Usually this is how big-time sports television works: The network pays for the right to air an event.
The new "Premier Boxing Champions" series on NBC flips the model. The latest attempt to reverse the sport's declines requires some major creativity — and a major investment.
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Al Haymon's management company, Haymon Boxing, is paying for PBC, betting on NBC's promotional might and the reach of old-fashioned prime-time network television. Five of this year's broadcasts will air on Saturday nights on NBC.
"We want the opportunities for the fighters in this sport to be parallel to the opportunities for athletes in other sports," Lamont Jones, the vice president of operations for Haymon Boxing, said Wednesday.
The first card will feature Keith Thurman against Robert Guerrero and Adrien Broner vs. John Molina Jr. on March 7. All the fighters are managed by Haymon.
These will be the first prime-time bouts on NBC in nearly 30 years. The sport's shift to pay-per-view has been wildly lucrative for the biggest stars. Not so much for other top boxers.
Sugar Ray Leonard will work as a PBC analyst, still a household name because he fought in an era when boxers were some of the world's biggest celebrities.
"You are relevant," he said, recalling how that name recognition made for endorsement opportunities, not just payouts for bouts.
"A lot of these guys are very good fighters," he added, "but nobody knows who they are."
So for boxers such as the four taking part in March's inaugural event, this new venture is a chance to attract a wider following that translates into future profits.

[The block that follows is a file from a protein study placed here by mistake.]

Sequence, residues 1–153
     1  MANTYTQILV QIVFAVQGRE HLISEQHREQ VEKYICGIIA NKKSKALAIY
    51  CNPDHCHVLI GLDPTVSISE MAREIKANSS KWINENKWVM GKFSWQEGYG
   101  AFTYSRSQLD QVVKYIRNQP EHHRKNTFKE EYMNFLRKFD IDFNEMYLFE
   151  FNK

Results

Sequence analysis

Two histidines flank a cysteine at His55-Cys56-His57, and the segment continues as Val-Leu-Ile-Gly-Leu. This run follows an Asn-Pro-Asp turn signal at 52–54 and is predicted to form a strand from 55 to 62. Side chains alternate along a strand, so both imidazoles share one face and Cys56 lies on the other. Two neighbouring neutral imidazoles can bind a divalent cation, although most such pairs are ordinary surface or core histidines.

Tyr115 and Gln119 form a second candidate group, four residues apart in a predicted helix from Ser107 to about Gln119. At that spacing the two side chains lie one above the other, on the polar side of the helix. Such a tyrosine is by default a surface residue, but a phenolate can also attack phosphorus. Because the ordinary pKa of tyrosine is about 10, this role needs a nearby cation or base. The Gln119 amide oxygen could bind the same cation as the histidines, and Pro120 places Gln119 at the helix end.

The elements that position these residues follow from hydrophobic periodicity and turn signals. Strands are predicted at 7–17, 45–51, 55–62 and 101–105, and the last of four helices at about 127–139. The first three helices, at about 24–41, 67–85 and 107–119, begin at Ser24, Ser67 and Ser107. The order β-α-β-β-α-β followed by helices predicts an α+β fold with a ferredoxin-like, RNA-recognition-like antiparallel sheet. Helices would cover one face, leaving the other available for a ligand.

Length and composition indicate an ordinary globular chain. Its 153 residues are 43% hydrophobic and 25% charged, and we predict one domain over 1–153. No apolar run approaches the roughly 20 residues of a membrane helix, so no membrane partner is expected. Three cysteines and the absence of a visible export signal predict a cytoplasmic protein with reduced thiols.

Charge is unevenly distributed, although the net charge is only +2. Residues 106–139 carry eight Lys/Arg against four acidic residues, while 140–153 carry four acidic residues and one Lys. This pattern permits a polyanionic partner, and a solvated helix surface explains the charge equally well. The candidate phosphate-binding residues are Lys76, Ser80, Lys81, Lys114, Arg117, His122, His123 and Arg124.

Jones predicts the PBC telecasts, which will air from 9-11 p.m. on the East Coast, will introduce them to a sports fan who "hasn't yet had a reason to fall in love with a particular boxer, because she or he hasn't wanted to spend 70 bucks to watch a pay-per-view show when the main event starts at midnight."
And that fan will see some trademark NBC features. Every Olympics, some gymnast or figure skater or swimmer goes from nobody to celebrity in a matter of days — with more than a little nudge from the network's promotional engine.
Haymon seeks the same for boxing, and NBC plans to oblige. Al Michaels will host its prime-time telecasts, and the network has tabbed prolific Hollywood composer Hans Zimmer to score music to set the tone.
"We have to build the story lines and make people care about something they may not have cared about the day before," NBC Sports Group Chair Mark Lazarus said of the network's Olympic philosophy.
For the boxers, he added, "we have to do that about educating about who these gentlemen are, and why they're so skilled at what they do, and whey they're among the best in the world, and why the battle will matter."
For NBC, there's little financial risk. There's also some precedent: The network didn't pay a rights fee in its first deal with the NHL after the lockout that wiped out the 2004-05 season, but that changed when the sport's fortunes rebounded.
The NBC prime-time telecasts will take place during quieter times of year for sports. The network would typically be showing a repeat of a program that aired during the week in those slots. And live sports have proved increasingly valuable in recent years because viewers are much less likely to DVR them — which means they're more likely to sit through the ads.
NBC will be able to promote the series when it airs the Super Bowl next month. There will also be six Saturday afternoon broadcasts on NBC and nine Saturday prime-time shows on cable channel NBCSN in 2015.
In the second NBC prime-time fight, undefeated Danny Garcia will take on Lamont Peterson on April 11 in a long-anticipated matchup at 140 pounds.
"The boxing people will tell you those three matchups are six real fighters: It's not one good guy, one bad guy," Lazarus said. "And that's what (Haymon) has committed to us."
NBC is controlled by Comcast Corp.